Algal blooms can increase turbidity rates up to 40%, starving bottom decomposers and vegetation of oxygen and sunlight. eutrophication&hypoxia / CC BY 2.0

A high concentration of suspended microscopic organisms can alter the clarity and color of water. Depending on the dominant species profile, turbid water can be green, brown, blue-green, or even yellow. While some microbes may be harmful to pond ecology, green-colored species that typically occur in natural ponds should generally be manageable and harmless in controlled concentrations.

Plankton turbidity often occurs in ponds that are fully exposed to sunlight and devoid of floating plants. While mechanical turbidity may adversely affect plankton growth, clear water can encourage it. The high light levels throughout the water column can cause it to become markedly productive.

Productivity is increased even further in high nutrient conditions. An algal bloom can increase turbidity rates to more than 40%, preventing light from reaching the pond bottom. This way, the algae directly compete with pond vegetation for sunlight and oxygen. An unfavorable domino effect, resulting in mass die-offs, can occur as bottom decomposers and vegetation are starved of these resources.


Techniques to Reduce Pond Turbidity

1) Pond filtration

Pond pump underwater
A mechanical pump can help to keep the water clear in ornamental ponds, though it may not be sufficient if turbidity levels are abnormally high. Crinklecrankle.com / CC BY 2.0

A heavy-duty filter can be an effective means of removing considerable amounts of particulate matter from pond water. It must have the appropriate specifications relative to the size of the pond, as a filter that is too small will rapidly become clogged up. Aquaculture systems often make use of a series of sleeve or drum filters, though these can be damaged by heavily turbid water.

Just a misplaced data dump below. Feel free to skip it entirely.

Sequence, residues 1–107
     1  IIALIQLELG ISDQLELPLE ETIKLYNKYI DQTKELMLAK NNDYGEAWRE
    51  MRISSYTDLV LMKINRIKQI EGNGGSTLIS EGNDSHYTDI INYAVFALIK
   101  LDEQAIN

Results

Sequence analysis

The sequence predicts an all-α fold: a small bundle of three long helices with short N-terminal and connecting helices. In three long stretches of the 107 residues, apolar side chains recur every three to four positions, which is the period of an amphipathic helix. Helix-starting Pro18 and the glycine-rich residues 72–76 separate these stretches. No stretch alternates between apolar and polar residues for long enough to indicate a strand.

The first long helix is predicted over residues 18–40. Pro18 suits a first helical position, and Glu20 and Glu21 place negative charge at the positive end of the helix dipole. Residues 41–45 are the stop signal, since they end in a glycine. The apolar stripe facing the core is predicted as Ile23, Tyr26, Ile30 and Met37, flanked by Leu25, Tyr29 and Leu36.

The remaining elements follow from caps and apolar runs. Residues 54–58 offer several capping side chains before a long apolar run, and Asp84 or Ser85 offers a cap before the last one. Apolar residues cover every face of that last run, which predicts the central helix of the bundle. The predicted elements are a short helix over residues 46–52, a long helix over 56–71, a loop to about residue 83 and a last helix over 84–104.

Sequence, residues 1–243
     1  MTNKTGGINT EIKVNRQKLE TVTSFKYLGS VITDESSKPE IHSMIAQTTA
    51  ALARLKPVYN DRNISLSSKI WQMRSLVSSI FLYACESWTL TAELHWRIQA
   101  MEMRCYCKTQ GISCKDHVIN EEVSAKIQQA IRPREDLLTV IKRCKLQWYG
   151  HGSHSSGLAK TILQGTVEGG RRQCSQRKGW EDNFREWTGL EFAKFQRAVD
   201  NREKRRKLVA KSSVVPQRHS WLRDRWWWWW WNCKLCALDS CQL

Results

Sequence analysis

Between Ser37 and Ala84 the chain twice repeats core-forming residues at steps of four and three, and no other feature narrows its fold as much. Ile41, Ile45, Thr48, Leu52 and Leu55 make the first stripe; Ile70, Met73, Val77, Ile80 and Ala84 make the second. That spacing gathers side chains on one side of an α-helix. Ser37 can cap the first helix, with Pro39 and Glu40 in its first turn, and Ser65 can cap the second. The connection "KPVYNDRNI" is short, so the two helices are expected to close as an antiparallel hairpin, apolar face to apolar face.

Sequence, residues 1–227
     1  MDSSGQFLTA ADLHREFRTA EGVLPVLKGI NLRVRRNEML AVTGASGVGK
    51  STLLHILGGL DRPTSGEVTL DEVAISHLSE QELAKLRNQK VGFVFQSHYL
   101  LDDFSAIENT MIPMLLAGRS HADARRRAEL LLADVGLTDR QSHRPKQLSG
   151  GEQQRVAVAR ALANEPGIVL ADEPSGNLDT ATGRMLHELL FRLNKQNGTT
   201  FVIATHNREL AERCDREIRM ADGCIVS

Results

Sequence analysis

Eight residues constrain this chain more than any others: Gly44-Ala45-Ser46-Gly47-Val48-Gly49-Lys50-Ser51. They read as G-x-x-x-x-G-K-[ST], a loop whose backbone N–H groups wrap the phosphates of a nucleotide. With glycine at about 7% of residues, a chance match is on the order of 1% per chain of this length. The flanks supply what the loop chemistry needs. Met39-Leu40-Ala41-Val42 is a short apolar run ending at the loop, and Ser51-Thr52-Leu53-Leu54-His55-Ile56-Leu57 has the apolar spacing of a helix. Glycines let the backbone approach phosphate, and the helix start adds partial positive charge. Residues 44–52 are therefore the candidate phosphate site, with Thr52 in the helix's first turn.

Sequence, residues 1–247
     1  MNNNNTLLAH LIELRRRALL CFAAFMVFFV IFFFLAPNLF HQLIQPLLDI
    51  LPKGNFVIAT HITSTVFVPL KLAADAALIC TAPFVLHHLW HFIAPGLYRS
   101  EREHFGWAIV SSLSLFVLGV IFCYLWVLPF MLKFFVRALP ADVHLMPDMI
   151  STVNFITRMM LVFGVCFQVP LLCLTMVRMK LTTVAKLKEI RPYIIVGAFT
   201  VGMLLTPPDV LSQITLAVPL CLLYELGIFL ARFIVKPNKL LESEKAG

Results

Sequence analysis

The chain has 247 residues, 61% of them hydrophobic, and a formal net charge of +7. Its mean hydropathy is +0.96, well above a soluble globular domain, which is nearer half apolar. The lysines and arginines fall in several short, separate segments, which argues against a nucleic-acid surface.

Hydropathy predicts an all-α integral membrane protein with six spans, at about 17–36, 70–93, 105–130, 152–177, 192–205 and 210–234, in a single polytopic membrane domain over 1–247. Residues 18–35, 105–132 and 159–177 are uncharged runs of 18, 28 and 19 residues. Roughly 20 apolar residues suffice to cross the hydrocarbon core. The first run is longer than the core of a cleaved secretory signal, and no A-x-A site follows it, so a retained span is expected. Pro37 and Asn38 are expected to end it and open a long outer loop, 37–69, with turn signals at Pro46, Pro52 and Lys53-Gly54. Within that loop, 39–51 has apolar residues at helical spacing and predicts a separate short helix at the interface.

In ornamental ponds, a mechanical pump with a filter box can help keep the water clear, but it should not be relied upon as the primary means of particle removal when turbidity levels are abnormally high. If filtration pads or screens are quickly blocked off by filtered inorganic material, bacteria, and algae, the pump may be rendered ineffective. A heavy water change or the use of coagulants may be required to significantly reduce turbidity levels in this case.


2) Use of chemical additives

A murky pond
Chemical treatment should be considered when mineral turbidity levels are exceedingly high. Options include limestone, gypsum, Epsom salts, and alum. Inga Munsinger Cotton / CC BY 2.0

When mineral turbidity levels are exceedingly high, it may be necessary to consider chemical treatment. The compounds listed below are often used in aquaculture ponds to weigh down clay particles and force them to settle. While some are neutral in terms of pH, others can cause harmful shifts when used in faulty doses.

Coagulants can be used to bring down turbidity in large ornamental ponds, but you will have to thoroughly evaluate your pond’s water chemistry to determine the appropriate amendment. Moreover, the volume and pond shape factor into the application method. It may be necessary to test these additives, using your pond water, in a controlled setting. They should only be applied once the cause of turbidity has been correctly identified and addressed.

Limestone (Calcium carbonate)

The least expensive and most readily available among the additives, limestone is a cost-effective means of reducing pond turbidity. It is unfortunately not very soluble in water, which is why it will have to be mixed into a slurry of water prior to being applied, preferably as a spray, onto the surface. Liming can be used to reduce plankton turbidity.

It may not be the best choice for mechanical turbidity as it sinks to the pond bottom and can quickly become covered by settling particles. Multiple re-applications, which can potentially cause shifts in the water chemistry, may be required. If your pond’s pH is above 7.0 and the alkalinity is higher than 50 ppm, consider using a neutral product instead.

Gypsum (Calcium sulfate)